Powell Strikes Hawkish Tone
At his widely anticipated Jackson Hole speech, Fed Chair Powell reiterated the Fed’s focus on reining in inflation, and to bring it back towards the Fed’s 2% target. In pursuing this goal, he indicated a tighter monetary policy stance may be required for some time and is likely to require a sustained period of below-trend economic growth and some softening of the labor market. On the economy, he commented that it is already slowing from the historically high growth rates of 2021, though the “economy continues to show strong underlying momentum.” While recent measures of inflation have shown improvement, Powell nonetheless stated that progress “falls far short of what the Committee will need to see before we are confident that inflation is moving down.” He also indicated that it will become appropriate to slow the pace of tightening “at some point,” as he had previously mentioned in his July FOMC press conference.
Regarding the upcoming September FOMC meeting, Powell indicated another 0.75% increase in the Fed Funds rate could be appropriate. Current market pricing infers a 60% chance the Fed raises rates another 0.75% in September and a 40% chance they raise rates by 0.50%:
Softer Inflation Data
On the topic of inflation, a softer than expected PCE price index print coincided with Powell’s speech. The headline PCE price index declined -0.1% in July (vs. consensus expectations for a rise of +0.1%) and was up +6.3% over the same period last year, down from +6.8% in June. Elsewhere on the inflation front, forward looking inflation expectations fell, with data from the University of Michigan survey showing a 4.8% year-ahead estimate, the lowest in eight months.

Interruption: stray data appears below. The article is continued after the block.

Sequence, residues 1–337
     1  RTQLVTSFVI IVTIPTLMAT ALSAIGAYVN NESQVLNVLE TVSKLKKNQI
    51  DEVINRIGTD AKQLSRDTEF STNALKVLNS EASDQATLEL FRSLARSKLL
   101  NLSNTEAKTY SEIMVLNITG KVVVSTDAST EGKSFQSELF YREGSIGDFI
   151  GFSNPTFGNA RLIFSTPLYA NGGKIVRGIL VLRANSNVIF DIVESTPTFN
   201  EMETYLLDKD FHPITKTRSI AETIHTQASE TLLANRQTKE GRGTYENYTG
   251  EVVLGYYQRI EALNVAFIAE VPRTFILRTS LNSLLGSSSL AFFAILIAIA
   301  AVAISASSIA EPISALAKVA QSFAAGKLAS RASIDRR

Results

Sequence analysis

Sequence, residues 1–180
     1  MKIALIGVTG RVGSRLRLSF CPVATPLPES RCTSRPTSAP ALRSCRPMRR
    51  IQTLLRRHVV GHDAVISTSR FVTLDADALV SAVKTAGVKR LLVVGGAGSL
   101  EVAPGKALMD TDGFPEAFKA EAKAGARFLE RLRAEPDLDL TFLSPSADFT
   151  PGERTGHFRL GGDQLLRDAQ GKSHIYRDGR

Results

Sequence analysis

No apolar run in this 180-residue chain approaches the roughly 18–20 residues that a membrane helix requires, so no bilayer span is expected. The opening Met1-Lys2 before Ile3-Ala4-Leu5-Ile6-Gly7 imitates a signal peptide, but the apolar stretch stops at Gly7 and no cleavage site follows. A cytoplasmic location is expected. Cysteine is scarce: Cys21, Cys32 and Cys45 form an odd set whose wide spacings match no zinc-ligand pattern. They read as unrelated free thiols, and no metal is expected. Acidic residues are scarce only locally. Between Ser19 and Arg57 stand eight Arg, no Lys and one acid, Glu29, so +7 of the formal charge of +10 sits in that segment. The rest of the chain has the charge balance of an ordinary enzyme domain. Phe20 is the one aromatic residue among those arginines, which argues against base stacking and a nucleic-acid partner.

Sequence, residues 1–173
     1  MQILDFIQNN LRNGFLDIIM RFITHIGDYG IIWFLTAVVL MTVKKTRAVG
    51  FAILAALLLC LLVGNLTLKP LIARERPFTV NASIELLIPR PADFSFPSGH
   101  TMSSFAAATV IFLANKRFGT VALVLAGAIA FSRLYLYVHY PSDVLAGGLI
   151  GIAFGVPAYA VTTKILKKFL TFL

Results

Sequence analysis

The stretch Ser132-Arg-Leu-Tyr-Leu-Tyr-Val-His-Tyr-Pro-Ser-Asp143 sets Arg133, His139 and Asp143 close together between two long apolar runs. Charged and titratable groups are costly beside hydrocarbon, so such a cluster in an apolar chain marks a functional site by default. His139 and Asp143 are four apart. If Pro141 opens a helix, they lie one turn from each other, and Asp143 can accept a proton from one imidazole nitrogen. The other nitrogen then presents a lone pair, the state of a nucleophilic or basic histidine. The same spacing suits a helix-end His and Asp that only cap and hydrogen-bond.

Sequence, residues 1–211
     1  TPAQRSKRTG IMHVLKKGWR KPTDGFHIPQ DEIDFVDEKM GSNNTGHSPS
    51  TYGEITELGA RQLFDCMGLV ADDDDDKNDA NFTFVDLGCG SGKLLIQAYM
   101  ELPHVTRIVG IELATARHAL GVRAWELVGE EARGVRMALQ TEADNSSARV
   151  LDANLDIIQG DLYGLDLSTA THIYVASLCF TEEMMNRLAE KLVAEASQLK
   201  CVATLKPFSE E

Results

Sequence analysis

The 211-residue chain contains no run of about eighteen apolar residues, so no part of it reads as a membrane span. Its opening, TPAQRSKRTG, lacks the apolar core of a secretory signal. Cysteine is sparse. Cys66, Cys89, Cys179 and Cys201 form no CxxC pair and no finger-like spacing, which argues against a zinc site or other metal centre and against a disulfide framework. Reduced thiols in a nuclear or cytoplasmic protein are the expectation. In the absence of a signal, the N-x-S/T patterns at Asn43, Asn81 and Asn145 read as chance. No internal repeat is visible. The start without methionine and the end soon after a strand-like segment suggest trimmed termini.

While inflation may now be trending in the right direction, we anticipate it will stay elevated for some time before migrating towards the Fed’s target of 2%.
We believe intermediate and longer dated bond yields have largely moved ahead of the Fed raising interest rates. As such, we believe the bulk of the pain is now behind us for the bond market and yields are likely to be range bound around the 3% level. The implication is that current bond yields are likely to be the primary driver of forward-looking bond returns (albeit we anticipate ongoing volatility over the near-term). We continue to favor allocations to alternative income-oriented strategies that may do well in a heightened inflationary environment and with a backdrop of rising interest rates. Many of these strategies have performed very well this year despite the challenges facing broad public markets.
As always, should you have any questions, please do not hesitate to contact your client advisor.
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